Ah, that erot­ic-chic vibe Paris has got­ten so good at por­tray­ing. This place won’t dis­ap­point. With a restau­rant, bar and club shar­ing real estate in tan­dem, it’s a show all in one. If we could only pick a few words to describe it, they are: dim, sen­su­al, boudoir, vel­vet, feath­ers and panache. Eat your food. Get a blow out (by this we mean there’s a hair­dress­er ready to style your hair for the night…so get your head out of the gut­ter), buy some naughty acces­sories and par­ty to dis­co music. The expe­ri­ence is sen­su­al, but nev­er vul­gar. That’s Paris for you.

ADDRESS: 66 rue Jean-Jacques Rousseau (1st arr.)

MÉTRO: Les Halles (line 4)

NUMBER: +33 (0)1 42 36 91 15


HOW TO BOOK: online


Studio Galande

Rocky Hor­ror Pic­ture Show, as per usu­al. But in Paris? This rock and roll musi­cal clas­sic has tak­en over the world’s the­aters. This par­tic­u­lar stu­dio has been broad­cast­ing the show every week since 1978…That’s a lot of cult film. It is actu­al­ly the first cin­e­ma in the world to have show­cased the film with no inter­rup­tion. On Fri­day and Sat­ur­day every week, you can watch the clas­sic movie with a shad­ow cast and ani­mat­ed ses­sions (you can even throw rice and water to the vol­un­teers who recre­ate the movie right before your eyes).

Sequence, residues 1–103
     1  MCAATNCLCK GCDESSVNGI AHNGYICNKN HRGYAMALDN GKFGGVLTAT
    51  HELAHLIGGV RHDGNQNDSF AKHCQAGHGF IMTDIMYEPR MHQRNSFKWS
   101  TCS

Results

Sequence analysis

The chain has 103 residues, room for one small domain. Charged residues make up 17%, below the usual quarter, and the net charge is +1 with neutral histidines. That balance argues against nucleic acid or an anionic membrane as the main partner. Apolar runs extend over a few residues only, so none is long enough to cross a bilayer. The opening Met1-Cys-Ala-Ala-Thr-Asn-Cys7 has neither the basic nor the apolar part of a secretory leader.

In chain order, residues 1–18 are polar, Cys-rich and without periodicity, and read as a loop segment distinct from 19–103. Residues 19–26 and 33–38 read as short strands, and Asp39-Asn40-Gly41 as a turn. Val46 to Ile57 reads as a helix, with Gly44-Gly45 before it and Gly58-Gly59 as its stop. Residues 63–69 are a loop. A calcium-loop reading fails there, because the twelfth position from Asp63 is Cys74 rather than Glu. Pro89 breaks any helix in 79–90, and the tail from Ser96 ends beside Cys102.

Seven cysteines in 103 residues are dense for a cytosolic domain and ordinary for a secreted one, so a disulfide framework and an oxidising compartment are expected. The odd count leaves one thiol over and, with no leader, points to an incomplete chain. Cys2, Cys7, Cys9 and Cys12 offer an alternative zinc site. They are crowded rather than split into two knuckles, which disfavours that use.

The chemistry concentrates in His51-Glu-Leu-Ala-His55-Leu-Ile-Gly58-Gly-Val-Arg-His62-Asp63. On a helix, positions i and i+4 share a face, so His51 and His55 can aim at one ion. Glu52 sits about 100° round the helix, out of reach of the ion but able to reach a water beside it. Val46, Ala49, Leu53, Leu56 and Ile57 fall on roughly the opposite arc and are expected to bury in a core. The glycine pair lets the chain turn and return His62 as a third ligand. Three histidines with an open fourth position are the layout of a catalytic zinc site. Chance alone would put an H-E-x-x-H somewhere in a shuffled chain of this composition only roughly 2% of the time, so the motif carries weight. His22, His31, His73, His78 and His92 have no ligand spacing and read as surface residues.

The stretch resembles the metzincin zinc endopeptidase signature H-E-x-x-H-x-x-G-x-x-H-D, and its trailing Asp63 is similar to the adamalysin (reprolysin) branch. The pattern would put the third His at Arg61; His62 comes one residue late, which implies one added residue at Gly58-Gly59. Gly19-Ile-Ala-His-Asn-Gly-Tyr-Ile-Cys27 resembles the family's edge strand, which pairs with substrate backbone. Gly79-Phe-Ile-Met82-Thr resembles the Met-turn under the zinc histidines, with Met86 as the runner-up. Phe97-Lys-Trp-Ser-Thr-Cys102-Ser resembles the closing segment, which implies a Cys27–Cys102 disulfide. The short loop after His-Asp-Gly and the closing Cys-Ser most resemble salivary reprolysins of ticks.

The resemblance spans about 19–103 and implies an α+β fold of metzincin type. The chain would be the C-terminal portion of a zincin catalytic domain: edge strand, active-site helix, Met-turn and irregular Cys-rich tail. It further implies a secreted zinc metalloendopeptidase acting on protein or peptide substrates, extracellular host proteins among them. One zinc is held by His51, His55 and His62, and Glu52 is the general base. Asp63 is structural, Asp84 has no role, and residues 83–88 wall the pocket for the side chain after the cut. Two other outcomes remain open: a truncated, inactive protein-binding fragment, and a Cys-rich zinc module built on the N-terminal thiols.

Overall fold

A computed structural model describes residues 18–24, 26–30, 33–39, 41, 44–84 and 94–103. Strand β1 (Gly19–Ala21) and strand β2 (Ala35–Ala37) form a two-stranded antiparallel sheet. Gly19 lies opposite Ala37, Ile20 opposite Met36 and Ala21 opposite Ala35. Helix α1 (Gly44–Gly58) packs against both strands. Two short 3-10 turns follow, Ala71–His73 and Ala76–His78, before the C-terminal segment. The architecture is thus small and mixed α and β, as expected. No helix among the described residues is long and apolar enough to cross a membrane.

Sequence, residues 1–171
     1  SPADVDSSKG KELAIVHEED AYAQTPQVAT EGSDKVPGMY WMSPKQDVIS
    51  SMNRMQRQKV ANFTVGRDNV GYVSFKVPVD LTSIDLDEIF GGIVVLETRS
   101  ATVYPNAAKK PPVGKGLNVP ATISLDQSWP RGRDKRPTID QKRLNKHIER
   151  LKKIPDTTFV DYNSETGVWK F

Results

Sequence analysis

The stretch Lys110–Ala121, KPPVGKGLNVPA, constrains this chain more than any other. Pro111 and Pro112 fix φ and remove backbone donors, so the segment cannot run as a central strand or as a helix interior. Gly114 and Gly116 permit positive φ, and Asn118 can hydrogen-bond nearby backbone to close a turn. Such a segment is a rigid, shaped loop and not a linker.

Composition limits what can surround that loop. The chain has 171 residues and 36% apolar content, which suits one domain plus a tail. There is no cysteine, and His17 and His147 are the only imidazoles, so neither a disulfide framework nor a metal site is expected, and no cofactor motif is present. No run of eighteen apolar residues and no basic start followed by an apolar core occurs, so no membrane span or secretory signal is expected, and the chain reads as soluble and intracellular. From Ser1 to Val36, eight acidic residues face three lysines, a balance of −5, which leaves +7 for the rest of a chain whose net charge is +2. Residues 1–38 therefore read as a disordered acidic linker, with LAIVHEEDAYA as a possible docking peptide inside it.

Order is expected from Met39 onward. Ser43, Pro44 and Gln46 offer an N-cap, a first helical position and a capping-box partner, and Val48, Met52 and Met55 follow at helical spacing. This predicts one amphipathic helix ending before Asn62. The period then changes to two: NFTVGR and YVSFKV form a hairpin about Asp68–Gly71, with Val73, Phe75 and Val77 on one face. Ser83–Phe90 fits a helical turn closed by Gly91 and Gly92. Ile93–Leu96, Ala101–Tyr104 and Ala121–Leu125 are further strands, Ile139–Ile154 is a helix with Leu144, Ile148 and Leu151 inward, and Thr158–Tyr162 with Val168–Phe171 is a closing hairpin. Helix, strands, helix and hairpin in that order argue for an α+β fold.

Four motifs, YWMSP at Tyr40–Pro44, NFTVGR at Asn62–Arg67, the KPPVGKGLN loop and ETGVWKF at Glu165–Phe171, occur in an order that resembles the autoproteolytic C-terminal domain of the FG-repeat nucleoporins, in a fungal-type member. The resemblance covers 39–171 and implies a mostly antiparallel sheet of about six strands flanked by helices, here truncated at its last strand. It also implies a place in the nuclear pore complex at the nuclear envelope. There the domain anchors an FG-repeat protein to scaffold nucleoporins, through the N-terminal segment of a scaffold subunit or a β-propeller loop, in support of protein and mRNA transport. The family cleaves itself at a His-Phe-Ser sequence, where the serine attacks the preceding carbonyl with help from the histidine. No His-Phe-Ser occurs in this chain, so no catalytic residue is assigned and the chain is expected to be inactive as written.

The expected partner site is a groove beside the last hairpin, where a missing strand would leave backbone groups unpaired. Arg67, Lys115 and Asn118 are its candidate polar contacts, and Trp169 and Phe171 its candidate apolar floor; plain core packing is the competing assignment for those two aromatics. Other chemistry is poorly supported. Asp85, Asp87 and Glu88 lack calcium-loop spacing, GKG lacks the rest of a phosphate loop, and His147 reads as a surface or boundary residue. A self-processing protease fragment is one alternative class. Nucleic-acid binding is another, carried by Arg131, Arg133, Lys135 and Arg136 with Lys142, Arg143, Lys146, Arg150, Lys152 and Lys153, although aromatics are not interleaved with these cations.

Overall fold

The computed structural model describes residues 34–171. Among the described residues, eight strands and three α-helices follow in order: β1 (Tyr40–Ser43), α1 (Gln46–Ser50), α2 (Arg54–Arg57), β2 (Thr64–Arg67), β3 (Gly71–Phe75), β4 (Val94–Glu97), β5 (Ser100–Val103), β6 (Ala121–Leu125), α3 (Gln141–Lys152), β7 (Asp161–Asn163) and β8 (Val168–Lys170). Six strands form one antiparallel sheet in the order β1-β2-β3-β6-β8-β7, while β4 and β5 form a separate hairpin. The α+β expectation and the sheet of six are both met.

ADDRESS: 42 Rue Galande (5th arr.)

MÉTRO: Cluny La Sor­bonne (line 10)

NUMBER: 01 43 54 72 71

NEIGHBORHOOD: Latin Quar­ter


FACEBOOK: Stu­dio Galande


Found­ed in 1831, this out­landish taxi­dermy shop is a Paris insti­tu­tion. Why go see reen­act­ments in nat­ur­al his­to­ry muse­ums when you can go see the same thing, in a small­er, com­fort­able set­ting, with­out the scream­ing chil­dren and pricey entry tick­ets? Go see this gem of a shop for your­self and pre­pare to be in awe.

ADDRESS: 46 Rue du Bac (7th arr.)

MÉTRO: Rue du Bac (line 12)

NUMBER: 01 42 22 30 07

NEIGHBORHOOD: Sèvres-Baby­lone


INSTAGRAM: @deyrolle.officiel

The Dick Door of Paris

The most stun­ning Art Nou­veau build­ing in Paris also boasts a hid­den dick. The Dick Door of Paris, just in the shad­ows of La Tour Eif­fel is def­i­nite­ly worth the detour. Is that intri­cate carv­ing a bird? Is it a plane? Is it an insect? If chil­dren are present, no prob­lem: We sim­ply are try­ing to keep them archi­tec­tural­ly edu­cat­ed. This is a mil­lion times bet­ter than our world of Brazil­ian butt lifts and McDon­ald’s dol­lar menu meals, right?

ADDRESS: 29 Avenue Rapp (7th arr.)

MÉTRO: École Mil­i­taire (line 8)